from a different Noble family in London.
She was a sister of William Noble the drawing master.

They had three
sons.  In 1784, soon after the birth of
their third son, Edward – never in good health – died at the young age
forty-three.  It was their mother who
raised the three sons and enabled them to have an education.  William became a landscape painter in water
colors, Samuel and George were engravers.

Noble Seamen at Broadsea in 1789.  The Noble seamen of 1789 all had nicknames which were probably repeated by their sons and grandsons who also went to seaHere are some of these names.

Andrew Noble – Skipper

Alexander Noble – Shankie

Andrew Noble – Nobilie

Andrew Noble – Bobin

Andrew Noble – Bengie

John Noble – Bangie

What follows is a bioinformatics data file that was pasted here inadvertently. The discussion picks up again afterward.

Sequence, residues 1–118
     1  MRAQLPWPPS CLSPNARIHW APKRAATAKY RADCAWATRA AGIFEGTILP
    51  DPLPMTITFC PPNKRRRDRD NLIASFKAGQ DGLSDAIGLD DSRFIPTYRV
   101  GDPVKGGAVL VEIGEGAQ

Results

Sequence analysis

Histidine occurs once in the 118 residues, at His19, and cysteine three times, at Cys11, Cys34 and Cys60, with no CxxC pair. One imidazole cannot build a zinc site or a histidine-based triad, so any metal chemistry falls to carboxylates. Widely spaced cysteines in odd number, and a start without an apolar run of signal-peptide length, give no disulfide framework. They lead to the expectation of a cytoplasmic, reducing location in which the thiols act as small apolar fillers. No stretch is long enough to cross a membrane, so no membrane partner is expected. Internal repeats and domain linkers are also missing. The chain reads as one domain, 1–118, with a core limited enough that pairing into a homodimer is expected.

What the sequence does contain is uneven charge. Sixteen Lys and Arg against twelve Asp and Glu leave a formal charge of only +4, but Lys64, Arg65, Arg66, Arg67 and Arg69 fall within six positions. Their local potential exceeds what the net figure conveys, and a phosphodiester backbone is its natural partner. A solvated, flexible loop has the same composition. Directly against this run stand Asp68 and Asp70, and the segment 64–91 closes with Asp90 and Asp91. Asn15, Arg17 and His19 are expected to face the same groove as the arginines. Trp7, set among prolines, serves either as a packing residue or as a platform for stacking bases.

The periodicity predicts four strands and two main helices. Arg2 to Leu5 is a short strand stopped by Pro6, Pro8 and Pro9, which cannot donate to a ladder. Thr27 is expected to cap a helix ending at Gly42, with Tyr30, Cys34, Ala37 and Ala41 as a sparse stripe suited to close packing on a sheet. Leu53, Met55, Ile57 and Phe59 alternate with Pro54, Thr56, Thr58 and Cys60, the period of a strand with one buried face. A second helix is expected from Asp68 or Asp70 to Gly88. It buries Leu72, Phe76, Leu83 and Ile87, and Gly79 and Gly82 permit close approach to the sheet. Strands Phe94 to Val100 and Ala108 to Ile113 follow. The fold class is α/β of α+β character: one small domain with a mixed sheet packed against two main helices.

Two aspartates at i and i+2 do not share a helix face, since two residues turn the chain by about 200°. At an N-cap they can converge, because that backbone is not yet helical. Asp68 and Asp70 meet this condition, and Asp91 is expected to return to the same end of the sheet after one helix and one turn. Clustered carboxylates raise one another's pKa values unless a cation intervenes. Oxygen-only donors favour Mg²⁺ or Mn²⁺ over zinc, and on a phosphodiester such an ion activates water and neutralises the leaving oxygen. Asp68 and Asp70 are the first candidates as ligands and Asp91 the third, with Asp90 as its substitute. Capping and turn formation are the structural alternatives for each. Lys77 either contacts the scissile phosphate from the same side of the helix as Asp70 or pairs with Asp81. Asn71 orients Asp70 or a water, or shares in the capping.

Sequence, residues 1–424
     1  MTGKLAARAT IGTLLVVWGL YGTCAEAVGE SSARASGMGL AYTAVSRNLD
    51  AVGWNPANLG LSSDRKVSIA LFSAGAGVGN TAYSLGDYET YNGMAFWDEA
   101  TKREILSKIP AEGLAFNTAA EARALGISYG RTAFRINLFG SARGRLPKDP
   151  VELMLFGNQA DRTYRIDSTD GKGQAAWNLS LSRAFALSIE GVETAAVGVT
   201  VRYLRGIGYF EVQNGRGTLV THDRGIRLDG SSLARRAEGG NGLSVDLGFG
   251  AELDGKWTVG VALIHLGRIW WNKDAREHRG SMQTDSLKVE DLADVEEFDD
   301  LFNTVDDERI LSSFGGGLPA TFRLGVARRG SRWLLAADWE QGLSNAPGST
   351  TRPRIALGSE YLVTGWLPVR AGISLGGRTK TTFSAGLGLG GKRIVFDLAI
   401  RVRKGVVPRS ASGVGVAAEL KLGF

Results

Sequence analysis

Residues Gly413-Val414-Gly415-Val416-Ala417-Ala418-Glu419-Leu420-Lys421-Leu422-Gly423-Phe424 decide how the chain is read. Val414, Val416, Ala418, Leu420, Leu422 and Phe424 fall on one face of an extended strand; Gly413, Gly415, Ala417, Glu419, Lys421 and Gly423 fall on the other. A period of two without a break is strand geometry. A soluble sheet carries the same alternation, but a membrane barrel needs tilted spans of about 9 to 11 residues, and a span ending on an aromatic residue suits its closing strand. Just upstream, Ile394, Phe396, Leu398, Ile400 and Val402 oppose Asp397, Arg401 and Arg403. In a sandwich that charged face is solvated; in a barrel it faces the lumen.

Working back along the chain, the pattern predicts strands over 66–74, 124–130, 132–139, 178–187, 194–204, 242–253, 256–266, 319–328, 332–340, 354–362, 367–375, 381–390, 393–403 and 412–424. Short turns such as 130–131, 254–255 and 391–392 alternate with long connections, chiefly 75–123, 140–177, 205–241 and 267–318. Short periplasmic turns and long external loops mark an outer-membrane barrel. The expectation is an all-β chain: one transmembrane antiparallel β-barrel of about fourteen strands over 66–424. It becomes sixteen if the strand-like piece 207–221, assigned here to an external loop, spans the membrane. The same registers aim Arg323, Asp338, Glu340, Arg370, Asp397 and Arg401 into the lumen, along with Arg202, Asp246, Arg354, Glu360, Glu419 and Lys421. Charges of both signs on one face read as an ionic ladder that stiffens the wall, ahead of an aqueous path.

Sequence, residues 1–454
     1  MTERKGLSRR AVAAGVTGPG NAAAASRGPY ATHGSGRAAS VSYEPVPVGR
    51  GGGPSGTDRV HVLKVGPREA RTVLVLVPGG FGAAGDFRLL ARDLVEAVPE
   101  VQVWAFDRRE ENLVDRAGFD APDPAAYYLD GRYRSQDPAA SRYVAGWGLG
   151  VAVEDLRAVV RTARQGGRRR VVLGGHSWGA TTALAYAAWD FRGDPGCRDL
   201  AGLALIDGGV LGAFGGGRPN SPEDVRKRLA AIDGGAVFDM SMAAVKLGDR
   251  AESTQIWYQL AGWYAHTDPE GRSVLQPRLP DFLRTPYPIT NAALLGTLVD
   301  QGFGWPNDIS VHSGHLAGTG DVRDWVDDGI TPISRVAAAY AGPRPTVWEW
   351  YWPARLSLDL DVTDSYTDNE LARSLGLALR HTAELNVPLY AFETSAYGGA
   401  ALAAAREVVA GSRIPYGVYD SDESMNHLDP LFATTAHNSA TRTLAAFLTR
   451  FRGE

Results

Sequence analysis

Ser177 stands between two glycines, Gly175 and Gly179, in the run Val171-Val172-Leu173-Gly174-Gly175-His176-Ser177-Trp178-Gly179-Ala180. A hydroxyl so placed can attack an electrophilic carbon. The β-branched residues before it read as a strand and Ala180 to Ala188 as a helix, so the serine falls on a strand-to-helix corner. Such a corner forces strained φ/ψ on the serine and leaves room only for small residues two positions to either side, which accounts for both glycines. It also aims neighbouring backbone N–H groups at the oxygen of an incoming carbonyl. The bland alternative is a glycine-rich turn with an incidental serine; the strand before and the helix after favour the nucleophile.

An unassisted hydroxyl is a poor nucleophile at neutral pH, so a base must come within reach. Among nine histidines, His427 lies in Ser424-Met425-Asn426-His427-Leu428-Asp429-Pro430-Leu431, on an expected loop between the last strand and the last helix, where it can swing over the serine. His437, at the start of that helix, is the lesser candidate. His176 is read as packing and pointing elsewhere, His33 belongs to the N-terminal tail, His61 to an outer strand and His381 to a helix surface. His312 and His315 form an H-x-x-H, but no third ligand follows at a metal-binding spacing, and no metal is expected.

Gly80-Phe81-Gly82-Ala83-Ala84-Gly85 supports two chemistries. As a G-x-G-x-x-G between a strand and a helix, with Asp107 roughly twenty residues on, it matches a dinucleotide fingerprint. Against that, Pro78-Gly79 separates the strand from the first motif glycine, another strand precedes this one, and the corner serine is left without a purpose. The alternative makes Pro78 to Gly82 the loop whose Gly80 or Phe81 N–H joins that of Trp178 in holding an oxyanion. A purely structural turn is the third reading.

William Noble – Rockie

William Noble – Skipper

Andrew Noble – Onzie

and William Noble – Elder.

It was probably one of the William Nobles above who was obliged to leave Broadsea in 1804 after one of his sons had accidentally shot and killed, while firing at sea fowls, the son of a neighbor.

The Nobles of Ardkinglas.  Andrew Noble
was a gunnery expert who had left the army to join Armstrongs when they
their Ordnance factory at Elswick to produce the new Armstrong gun.  He was to become Lord Armstrong’s right-hand
man, rising to Chairman in 1900.  He
bought Ardkinglas on Loch Fyne in Argyllshire in 1905 and enjoyed holidays on the estate
there until he died in 1915 at the age of eighty-four.

His fourth son John
inherited and became the Baronet at Ardkinglas.  He had a
wonderful collection of
silver and was regarded as a connoisseur whose opinion was well
respected.  When he died in 1938 his two
younger sons,
John and Michael, ran the estate together.

John and his wife Elizabeth moved
into Ardkinglas as their permanent home and brought up their children
there.  Their introduction of contemporary paintings and